While the company has been in creditor protection the court appointed monitor has been able to sell assets piecemeal , but no buyer has come forth to take over the company as a going concern.
As a result the remaining assets will be sold or scrapped. A court hearing will determine if the underfunded pension plan is entitled to any of the proceeds. If not the secured creditors will get about 6 cents on the dollar.
The once mighty company in its heyday ran a huge tug and barge operation on the Mackenzie River system, supplying communities all over the western north with goods that could not be transported any other way. They rammed through as much freight and fuel as they could in the short five month shipping season to keep the Nunavut region supplied for the whole year. Recent years were not kind to the company and it has been struggling for a long time.
The future of northern supply via the Mackenzie system is now in serious doubt, unless another company can step into the vacuum created by the disappearance of NTCL.
As of September there were some 174 vessels registered to NTCL according to the monitor. Of these 158 were in NTCL possession, 6 were "unknown", 2 were sold prior the creditor protection, 81 subject to pending offers and 77 considered to be scrapped, abandoned or out of class.
The monitor sold 8 others as non-core assets, to rid the books of a number of tugs and barges that weren't part of the basic Mackenzie fleet. See Tugfax October 25, 2016: http://tugfaxblogspotcom.blogspot.ca/2016/10/northern-shakeup-ntcl.html
Most of the remaining operational fleet, particularly the aging tugs, cannot operate anywhere else, so someone could possibly acquire some of them as the nucleus for a new operation. Without that happening there must be considerable anxiety in the western north about next year's supply.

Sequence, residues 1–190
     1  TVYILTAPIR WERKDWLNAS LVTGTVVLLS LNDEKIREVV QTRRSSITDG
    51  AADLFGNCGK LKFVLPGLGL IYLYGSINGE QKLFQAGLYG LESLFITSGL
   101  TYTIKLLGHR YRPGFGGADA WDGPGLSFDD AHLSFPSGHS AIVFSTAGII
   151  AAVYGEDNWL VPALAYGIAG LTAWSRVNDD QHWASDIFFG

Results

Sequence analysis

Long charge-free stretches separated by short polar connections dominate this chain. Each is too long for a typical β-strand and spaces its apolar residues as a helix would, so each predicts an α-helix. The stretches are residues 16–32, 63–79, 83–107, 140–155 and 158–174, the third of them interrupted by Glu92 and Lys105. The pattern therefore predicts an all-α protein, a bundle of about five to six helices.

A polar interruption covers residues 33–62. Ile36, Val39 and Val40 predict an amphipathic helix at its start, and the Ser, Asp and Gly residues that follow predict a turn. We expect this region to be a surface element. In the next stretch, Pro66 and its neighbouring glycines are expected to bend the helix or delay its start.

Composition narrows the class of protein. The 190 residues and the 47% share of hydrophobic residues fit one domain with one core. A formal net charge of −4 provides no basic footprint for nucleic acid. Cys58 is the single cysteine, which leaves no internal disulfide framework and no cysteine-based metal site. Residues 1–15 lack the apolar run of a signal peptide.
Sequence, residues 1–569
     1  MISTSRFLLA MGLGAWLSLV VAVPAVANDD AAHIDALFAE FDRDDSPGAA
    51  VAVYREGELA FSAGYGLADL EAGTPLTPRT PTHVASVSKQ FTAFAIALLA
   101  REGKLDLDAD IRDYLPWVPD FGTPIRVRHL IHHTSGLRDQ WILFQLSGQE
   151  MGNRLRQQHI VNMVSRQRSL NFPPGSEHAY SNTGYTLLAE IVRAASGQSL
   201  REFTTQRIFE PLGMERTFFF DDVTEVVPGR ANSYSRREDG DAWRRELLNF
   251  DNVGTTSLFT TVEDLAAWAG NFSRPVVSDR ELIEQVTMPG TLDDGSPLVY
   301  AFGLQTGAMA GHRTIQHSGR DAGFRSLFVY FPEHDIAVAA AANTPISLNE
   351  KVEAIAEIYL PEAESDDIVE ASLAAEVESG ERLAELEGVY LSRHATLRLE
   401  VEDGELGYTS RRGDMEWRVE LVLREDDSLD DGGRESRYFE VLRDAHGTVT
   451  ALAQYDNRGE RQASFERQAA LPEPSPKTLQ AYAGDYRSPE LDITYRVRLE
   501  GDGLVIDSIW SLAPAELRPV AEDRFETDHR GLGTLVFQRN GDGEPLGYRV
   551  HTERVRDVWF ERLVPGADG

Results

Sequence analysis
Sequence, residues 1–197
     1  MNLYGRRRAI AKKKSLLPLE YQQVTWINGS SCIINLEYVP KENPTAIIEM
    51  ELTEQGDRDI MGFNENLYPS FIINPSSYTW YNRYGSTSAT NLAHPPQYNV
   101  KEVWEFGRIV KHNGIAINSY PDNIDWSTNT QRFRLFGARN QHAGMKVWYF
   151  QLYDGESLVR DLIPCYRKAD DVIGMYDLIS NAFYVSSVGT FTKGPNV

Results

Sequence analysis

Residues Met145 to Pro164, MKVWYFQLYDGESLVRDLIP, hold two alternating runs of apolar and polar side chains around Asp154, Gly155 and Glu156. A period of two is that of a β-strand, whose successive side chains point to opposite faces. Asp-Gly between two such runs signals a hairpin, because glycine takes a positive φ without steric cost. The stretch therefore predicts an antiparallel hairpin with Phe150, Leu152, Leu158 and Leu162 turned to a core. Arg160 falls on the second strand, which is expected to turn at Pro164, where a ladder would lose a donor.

NTCL also had an extensive ship repair base in Hay River that is also presumably up for sale.
Rumours persist about a couple of tug companies taking a serious look at the assets, but nothing has been said officially.
More about the tug Keewatin mentioned briefly in the October post.
The tug was built in response to a federal government request to service five communities on the west coast of Hudson Bay and Coral Harbour (on Southampton Island). After delivery by Yarrows shipyard in Esquimalt in 1974, the tug sailed from Victoria with four barges(stacked in pairs) via the Panama Canal to Valleyfield, QC where it wintered. In the summer of 1975 it loaded cargo and sailed for Churchill.
In 2002 the tug returned south arriving in Halifax in November from Rankin Inlet and went on to Shelburne for refit.
At the time it was working in joint venture with Atlantic Towing Ltd.
It worked on the Great Lakes in 2003 and 2004 with barges carrying stone. However it returned to the Atlantic Coast in 2004 and was in Halifax in June towing an Atlantic Towing Ltd barge.
On its last visit to Halifax in October 2015, it had the barge NT 1509 in tow and loaded project cargo for Newfoundland.
Keewatin is powered by three 16 cylinder Caterpillar engines totaling 3,375 bhp driving triple screws on a 6'-6" draft.
As mentioned in the previous post it has been sold to a Newfoundland company R.J.G. Construction Ltd.